For the next 20 years, Samuels was involved with some top-notch talent in Canada and abroad, including Vancouver-based glam rock outfit Sweeney Todd, who both Nick Gilder and a young Bryan Adams would at one point roll through, and, perhaps the biggest act he was ever involved with, the American rock band Heart.
Circa 1974 Samuels got a call about a band, holed up in West Vancouver in order to avoid the scourge of the Vietnam War, who were looking to audition for him. This was an earlier incarnation of Heart – before singer Nancy Wilson would officially join – and Samuels made his way over to a property he describes as “an unfinished basement with a ceiling that was six-foot-six high, bare to the rafters with insulation everywhere” and set up like a mini stage.
The band played for him and they “just blew my mind away,” he explains.
While the Seattle-based band was staying in Canada, Samuels endeavoured to keep them busy with gigs. Some time later he got a call from a nightclub called The Cave looking to book talent.
“I says, ‘Actually I’ve got Sweeney Todd open and another band that I’d love to put in there, but it’ll be their first gig in town. They’re from Seattle, their name is Heart,’” recalls Samuels.
After the band returned to the U.S., they became hugely successful. Years later, when the group was finally inducted into the Rock and Roll Hall of Fame, Samuels was invited to attend the festivities at the behest of Heart.
By 1987, Samuels felt he was ready to get out of the music industry. He hung up his manager’s jacket for a while and set out on a new career in the financial services sector, until officially retiring in 2012. But, he explains, after dipping his toes back into the world of music promoting again just before he retired, he admits that all of a sudden he had “that music-thing back in my blood again.”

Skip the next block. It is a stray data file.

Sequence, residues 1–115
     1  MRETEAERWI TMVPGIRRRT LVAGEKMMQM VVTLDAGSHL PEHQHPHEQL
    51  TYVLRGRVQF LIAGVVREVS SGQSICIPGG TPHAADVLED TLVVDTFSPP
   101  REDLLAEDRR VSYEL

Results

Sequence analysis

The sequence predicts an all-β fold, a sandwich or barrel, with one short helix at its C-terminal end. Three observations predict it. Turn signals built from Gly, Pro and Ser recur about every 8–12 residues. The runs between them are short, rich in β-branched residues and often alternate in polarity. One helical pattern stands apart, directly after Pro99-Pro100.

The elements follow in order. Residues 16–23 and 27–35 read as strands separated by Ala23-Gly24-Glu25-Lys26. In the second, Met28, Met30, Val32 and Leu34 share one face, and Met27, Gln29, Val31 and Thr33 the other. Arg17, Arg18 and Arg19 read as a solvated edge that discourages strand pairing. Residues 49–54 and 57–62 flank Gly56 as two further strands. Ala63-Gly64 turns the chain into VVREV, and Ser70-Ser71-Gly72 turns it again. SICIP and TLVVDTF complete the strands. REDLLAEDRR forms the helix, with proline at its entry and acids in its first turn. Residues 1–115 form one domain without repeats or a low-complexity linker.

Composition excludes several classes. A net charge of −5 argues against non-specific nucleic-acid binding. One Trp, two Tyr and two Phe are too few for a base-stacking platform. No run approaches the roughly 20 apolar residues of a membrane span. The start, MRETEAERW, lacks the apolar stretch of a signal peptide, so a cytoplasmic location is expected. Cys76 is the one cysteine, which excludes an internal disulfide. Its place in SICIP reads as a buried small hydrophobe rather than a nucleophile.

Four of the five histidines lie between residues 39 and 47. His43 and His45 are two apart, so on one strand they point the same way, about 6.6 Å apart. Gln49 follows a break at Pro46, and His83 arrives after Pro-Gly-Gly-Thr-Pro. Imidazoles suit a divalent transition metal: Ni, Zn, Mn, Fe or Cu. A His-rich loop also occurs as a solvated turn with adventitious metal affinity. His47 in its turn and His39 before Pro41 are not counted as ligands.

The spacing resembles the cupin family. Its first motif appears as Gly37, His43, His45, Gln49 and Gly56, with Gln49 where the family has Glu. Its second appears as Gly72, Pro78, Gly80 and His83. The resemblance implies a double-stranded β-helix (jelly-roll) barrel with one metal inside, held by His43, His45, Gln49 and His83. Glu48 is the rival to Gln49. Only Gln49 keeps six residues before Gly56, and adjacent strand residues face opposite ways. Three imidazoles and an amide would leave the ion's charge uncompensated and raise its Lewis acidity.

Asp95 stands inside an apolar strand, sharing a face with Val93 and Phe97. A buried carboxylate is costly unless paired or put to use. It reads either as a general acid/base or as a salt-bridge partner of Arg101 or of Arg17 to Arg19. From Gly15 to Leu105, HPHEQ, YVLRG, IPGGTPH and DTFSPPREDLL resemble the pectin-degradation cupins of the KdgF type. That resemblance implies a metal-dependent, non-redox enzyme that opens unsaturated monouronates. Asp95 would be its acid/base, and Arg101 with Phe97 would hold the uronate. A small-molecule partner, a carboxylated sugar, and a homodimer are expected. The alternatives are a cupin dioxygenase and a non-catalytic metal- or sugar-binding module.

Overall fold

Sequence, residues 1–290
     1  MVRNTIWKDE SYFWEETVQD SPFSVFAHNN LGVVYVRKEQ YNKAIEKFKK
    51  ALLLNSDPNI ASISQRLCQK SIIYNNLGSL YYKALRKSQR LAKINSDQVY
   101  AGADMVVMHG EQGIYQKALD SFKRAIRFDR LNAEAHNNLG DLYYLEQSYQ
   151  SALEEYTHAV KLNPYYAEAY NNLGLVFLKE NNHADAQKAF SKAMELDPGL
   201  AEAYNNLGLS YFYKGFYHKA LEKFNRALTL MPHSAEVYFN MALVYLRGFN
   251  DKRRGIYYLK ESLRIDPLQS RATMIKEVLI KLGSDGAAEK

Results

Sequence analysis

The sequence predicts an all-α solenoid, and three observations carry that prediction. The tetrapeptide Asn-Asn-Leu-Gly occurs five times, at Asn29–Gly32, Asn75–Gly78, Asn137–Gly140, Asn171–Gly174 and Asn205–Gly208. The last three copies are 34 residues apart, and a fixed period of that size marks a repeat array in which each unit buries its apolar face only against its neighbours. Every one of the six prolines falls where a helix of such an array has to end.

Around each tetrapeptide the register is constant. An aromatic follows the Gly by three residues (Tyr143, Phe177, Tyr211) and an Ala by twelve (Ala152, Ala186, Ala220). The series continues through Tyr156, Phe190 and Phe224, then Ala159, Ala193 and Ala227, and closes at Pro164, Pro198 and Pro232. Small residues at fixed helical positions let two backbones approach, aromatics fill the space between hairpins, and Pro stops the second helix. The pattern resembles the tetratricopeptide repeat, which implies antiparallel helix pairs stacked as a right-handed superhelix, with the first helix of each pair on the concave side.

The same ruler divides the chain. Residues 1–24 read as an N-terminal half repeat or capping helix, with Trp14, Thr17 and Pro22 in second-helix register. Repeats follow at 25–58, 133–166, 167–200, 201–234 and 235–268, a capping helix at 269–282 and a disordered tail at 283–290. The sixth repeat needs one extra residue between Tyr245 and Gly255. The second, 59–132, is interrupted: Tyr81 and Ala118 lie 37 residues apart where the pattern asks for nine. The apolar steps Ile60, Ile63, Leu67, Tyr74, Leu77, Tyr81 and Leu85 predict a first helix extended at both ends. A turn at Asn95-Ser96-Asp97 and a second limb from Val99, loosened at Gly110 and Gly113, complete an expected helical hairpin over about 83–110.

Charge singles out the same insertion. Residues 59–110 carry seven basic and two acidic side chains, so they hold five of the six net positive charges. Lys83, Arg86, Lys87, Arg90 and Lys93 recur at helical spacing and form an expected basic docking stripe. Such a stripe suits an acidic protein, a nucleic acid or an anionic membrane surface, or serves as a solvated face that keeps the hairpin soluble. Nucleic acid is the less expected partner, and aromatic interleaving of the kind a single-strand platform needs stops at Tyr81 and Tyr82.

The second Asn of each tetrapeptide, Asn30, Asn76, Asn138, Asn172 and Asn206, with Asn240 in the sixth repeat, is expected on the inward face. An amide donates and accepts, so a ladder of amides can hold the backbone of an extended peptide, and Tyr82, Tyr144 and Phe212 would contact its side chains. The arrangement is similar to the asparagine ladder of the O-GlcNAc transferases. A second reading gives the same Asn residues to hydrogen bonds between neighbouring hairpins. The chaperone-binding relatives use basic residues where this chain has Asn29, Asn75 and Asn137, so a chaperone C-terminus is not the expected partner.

That “music thing” is still flowing. Officially starting this weekend, Samuels will be working as a promoter and booker for Sunday shows at Two Lions Public House in North Vancouver, or as he describes it: “My job is to pack that place and to turn it into the focal point of entertainment … on the North Shore.”
He says his goal with his new gig at Two Lions is to “draw from different pockets” when it comes to booking unique entertainment – from music and comedy, to burlesque and cabaret – while attracting new visitors in addition to maintaining Two Lions’ core audience.
Visit facebook.com/thisistwolions or jenningsculture.com/two-lions-public-house.html for more information on upcoming shows and events at Two Lions.
As for this Sunday, he says he’s thrilled to present Diamond Forever: A Celebration of Neil Diamond featuring singer Jason Scott, starting at 7 p.m. A music industry veteran like Samuels has seen it all, as they say; his high praise likely means a lot.
“He’s a phenomenal performer and he’s won so many accolades and awards,” he says. “He’s one of the top three or four Neil Diamond artists in the world.”